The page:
Nathan Russell reviews a modern classic by iconic US communist academic Michael Parenti and argues it has important lessons for today’s struggles.
The association of Fascism with the Second World War in Western historiography and the lasting effects of wartime propaganda have reduced the level of understanding of Fascism to a largely emotional aversion to an absolute, simplistic evil. In Blackshirts & Reds, author Michael Parenti instead brings to light the cold, complicated, rational essence of Fascism.
The role of capitalists in empowering and collaborating with Fascists in defence of their class interests is methodically exposed, as is their hypocrisy. It is easy for the capitalist class to reject Fascism after it is defeated, after the profit is made, and after the dirty work has already been done, yet they often fail to provide any realistic appraisal of the alignment between Capital and fascist movements.
Parenti has little time for the instinctive anticommunism of “Red-baiting leftists”, and this is matched only by his disdain for the idealistic, pure socialists who “regularly blame the Left itself for every defeat it suffers”. In contrast, chapters 4 and 5 are a superb example of his own objectivity. In this case, objectivity is no euphemism for neutrality. His assessment of what life was like in the USSR is balanced and based upon facts, yet still doesn’t shy away from drawing a conclusion of unwavering support for the Soviet system; in his own words, he is “receptive, but not uncritical”.
The extensive use of citations throughout is very welcome. The nature of Parenti’s main arguments (not least US sponsored mass-murder in pursuit of counter-revolution) would otherwise invite accusations of conspiracy theory or historical negationism from liberal audiences, so it’s right for him to have taken the effort to back up his assertions. Unfortunately, having set this bar so high, it is more noticeable whenever, however irregularly, footnotes aren’t provided. There remained a slight, nagging feeling that those small omissions were where clear evidence could have been the most useful.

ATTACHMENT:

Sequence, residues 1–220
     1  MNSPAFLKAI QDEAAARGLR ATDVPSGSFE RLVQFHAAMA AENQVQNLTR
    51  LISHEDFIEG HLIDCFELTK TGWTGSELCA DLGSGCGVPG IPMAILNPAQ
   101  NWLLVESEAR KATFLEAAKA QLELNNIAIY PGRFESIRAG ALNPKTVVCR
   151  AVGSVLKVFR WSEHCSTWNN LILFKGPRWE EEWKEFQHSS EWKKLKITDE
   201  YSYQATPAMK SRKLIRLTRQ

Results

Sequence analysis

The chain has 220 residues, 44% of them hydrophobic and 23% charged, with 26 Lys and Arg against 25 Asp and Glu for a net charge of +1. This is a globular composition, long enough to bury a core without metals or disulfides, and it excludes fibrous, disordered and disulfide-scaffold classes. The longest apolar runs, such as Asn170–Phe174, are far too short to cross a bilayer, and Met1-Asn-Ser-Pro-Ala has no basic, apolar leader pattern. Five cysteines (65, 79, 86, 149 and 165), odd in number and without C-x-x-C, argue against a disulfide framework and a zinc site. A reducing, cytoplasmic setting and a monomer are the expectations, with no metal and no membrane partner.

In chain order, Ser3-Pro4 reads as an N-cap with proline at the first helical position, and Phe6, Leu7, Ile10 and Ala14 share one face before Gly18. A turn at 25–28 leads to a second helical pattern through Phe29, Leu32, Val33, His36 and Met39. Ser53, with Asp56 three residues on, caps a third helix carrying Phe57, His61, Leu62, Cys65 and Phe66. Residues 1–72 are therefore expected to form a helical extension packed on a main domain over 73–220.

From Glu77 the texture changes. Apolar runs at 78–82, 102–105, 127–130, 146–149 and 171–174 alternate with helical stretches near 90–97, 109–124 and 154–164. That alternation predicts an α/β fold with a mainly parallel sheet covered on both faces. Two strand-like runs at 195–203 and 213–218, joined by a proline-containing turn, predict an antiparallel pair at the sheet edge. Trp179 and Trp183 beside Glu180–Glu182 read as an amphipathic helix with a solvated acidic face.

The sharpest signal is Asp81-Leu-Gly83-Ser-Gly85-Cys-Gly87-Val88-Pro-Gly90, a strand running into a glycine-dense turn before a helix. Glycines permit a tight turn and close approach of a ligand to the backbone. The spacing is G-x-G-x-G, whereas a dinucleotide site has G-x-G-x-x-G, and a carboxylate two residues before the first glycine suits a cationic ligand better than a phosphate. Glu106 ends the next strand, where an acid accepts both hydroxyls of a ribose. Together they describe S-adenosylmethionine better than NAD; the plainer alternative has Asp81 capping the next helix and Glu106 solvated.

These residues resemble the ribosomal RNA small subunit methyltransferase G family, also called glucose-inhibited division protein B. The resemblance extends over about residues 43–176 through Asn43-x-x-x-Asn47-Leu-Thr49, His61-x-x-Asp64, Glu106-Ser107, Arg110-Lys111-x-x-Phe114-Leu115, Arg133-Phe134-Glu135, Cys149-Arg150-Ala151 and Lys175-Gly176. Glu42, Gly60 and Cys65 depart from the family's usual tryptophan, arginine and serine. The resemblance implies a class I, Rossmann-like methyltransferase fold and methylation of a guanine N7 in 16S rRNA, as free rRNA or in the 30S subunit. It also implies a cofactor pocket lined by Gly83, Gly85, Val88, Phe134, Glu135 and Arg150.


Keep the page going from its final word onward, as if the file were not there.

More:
At 23 years since publication, the book is perhaps showing some signs of ageing. The historical writing concerning the early to mid 20th century is unaffected, but there are in effect two decades worth of history without commentary. In this way, in his introduction, Parenti describes the proclamation of “the end of history” as a contemporary occurrence; for him, at that time, this was an orthodoxy worthy of serious challenge, rather than the sad joke it is today. Yet, conversely, the closing remarks on the importance of ecological changes for the working class will have even more relevance today than when they were written.
This book punches well above its weight for its relatively short length. At 150 pages, in slim volume, the blistering expositions of the perceived wisdom of the liberal left come thick, fast and are compellingly written. Parenti’s writing style is straightforward, easy to follow and immediately relevant; Blackshirts & Reds will be less intimidating for fresh eyes than the classics of Marx, Engels, or Lenin.
It is for these reasons that this book would make for an excellent introduction to Marxism, today. The concluding chapter, bringing home the importance and central role that should be placed on an understanding of class and exploitation, could very easily serve as the foundation of further reading and more structured study.